The Overstory

By Richard Powers
W.W. Norton & Company, ISBN: 978-0393356687
Paperback, 512 pages. © 2018

Overstory is a sweeping, heartfelt epic of nine human characters from vastly different backgrounds being drawn together by their love of—and connection to—nature, specifically trees. There’s really no other adequate way to summarize the plot of this book. It’s simply too complex, too interwoven. The passion of author Richard Powers for Nature, and his feelings about what we are doing to it in our own world, shines like the sun through the canopy, illuminating our everyday actions in a totally new way.

The book is written in what feels like an omniscient narrator’s voice, which distances the reader from the internal emotions and sensations of the characters. At first, I didn’t like this aspect of the tale. But as the stories unfurl and begin to intertwine, it felt almost natural. By the end, after Powers’ climax and revelations of where this story was going all along, I understand why he wrote it this way. To have written it from a close third, for nine separate characters, would have distanced the reader from the tenth character of the story—the trees that appear on nearly every page. Only after I’d finished reading did I see the whole picture—the whole forest—and it left me speechless and in awe.

The book is separated into four parts: Root, Trunk, Crown, and Seed. In part one, we are introduced to the human characters, and get most of their backstories. At first, I thought this was a volume of short stories and was, admittedly, disappointed. But as I read further in, I began to see how each one was associated with a specific type of tree. I’m sure there is a reason for these connections, and suspect that the characters themselves had traits in common with their tree in the author’s mind, though I’m not sure what those are. That realization drew me further into the story, made me want to see more. And Powers delivers. Even with the narrative voice—no, especially with the narrative voice—I could see a larger overview of who each one was, and spot the sprouts of their futures later in the book.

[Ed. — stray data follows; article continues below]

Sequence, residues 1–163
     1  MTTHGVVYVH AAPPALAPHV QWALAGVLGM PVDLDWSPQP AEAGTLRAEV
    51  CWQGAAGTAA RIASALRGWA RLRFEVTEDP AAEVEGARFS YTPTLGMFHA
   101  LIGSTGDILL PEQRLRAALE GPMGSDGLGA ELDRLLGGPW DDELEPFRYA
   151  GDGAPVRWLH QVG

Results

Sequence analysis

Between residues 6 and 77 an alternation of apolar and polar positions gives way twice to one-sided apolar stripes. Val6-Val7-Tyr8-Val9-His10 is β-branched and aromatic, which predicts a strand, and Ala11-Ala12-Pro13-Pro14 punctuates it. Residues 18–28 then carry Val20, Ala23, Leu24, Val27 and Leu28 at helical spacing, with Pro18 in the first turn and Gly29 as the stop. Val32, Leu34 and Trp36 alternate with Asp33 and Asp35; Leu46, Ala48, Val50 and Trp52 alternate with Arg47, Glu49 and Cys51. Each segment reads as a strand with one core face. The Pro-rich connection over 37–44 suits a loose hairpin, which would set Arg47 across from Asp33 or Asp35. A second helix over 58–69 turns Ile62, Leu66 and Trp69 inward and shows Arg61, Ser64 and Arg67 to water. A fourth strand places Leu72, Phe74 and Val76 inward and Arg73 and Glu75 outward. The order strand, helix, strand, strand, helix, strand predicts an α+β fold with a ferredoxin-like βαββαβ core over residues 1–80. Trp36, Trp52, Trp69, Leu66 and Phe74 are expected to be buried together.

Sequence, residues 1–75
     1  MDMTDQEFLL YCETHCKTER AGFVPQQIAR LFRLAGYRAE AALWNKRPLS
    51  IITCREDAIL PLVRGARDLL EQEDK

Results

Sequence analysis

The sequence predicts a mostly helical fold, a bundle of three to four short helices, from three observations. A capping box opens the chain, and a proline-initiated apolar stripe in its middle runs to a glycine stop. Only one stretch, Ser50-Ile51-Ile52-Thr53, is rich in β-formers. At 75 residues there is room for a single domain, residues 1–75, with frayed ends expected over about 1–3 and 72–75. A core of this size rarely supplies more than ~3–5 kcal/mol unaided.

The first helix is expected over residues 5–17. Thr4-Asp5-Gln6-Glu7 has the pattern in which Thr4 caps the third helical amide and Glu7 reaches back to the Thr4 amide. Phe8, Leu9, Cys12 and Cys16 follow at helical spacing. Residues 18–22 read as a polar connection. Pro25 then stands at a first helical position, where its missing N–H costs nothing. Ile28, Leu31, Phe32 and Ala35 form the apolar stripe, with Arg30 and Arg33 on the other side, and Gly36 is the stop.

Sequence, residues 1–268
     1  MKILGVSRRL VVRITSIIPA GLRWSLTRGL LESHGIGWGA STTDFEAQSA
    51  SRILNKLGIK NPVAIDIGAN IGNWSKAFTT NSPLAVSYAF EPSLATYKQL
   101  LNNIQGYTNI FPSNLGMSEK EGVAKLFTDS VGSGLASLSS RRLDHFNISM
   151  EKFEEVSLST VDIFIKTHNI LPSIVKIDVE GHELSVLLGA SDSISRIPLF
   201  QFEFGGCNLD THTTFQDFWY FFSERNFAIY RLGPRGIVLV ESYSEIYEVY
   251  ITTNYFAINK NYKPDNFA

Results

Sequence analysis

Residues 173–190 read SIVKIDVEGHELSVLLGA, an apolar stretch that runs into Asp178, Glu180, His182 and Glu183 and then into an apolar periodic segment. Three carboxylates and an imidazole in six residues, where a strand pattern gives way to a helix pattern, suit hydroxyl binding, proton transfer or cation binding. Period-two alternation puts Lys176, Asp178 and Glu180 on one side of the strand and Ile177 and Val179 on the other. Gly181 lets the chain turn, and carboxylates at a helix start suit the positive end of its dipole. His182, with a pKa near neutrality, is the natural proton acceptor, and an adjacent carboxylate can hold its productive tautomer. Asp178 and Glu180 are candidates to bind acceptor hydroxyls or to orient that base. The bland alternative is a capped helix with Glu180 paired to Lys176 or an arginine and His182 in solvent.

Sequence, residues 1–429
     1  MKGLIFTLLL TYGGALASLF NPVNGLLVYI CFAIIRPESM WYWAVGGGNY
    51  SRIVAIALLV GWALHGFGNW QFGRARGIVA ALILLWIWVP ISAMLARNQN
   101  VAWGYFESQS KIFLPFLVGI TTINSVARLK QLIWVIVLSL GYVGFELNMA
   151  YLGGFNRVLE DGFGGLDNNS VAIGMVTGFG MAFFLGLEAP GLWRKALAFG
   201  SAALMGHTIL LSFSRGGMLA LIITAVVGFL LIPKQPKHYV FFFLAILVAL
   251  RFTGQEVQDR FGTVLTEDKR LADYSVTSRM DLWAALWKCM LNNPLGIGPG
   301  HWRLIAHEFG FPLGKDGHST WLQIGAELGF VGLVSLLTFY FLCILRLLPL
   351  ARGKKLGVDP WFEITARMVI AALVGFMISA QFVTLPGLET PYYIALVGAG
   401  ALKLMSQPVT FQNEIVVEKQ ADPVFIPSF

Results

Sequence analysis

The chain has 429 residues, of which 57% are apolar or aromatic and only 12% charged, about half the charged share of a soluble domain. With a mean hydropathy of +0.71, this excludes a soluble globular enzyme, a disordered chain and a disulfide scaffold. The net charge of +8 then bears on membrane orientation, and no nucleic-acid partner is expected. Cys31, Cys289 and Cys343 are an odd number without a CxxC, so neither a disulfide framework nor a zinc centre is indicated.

Part two, Trunk, brings the characters together, depicting each one’s growth and gives the reader a glimpse of the rings of years that make up each character’s motivations. We’re given strong support to their development as individuals and see how and why they choose to act together in certain ways. While some of the human players remain separate from the others in story space, their actions connect them as much as trees in a forest are connected. It is this part of the story that hooked my heart and dragged me fully into the characters’ lives. And it is this part that left me shaking, tears on my face, at its conclusion. I must admit that when I turned the last page of part two, I felt bereft. I wanted to put the book down and never pick it up again. But the felling of one tree does not kill the forest. I had to read on.

In part three, Crown, the characters pull apart into separate beings, go their own ways. But what has come before in root and trunk affects all growth that follows in sometimes touching, sometimes heart-wrenching ways. Consequences of prior actions follow them all. I watched, captivated, by the unfurling of those leaves. And in part four, Seed, Powers shows what each tree bears. Not all fruits are sweet, and Overstory’s narrative drives home that point in poignant prose. Specific bits leapt off the page to burn themselves in my mind, with significance to my own life and experience that reaches far beyond the pages of any novel. By the end, I sat holding the book, reading back over the final pages again and again, trying to drive home its message so that I would never forget. But I know I’ll read it again. The Overstory is a profound tale that will deepen with each read. Its message will leave readers touched, changed, or at least that is the hope.

Beautifully written, full of passionate prose, The Overstory is powerful and evocative, rich and poignant. Richard Powers’ message is clear, and while the conclusion is dark, it is also filled with seeds of hope. It’s no wonder this book won the Pulitzer Prize in fiction, as well as other awards. I cannot recommend it enough. If you are a lover of Nature, you will want to read The Overstory, with the caveat that sometimes the ending will surprise you, even when it’s exactly what you expected. If you are unschooled in the value or ways of Nature, this should be essential reading. Put it next on “must read” pile.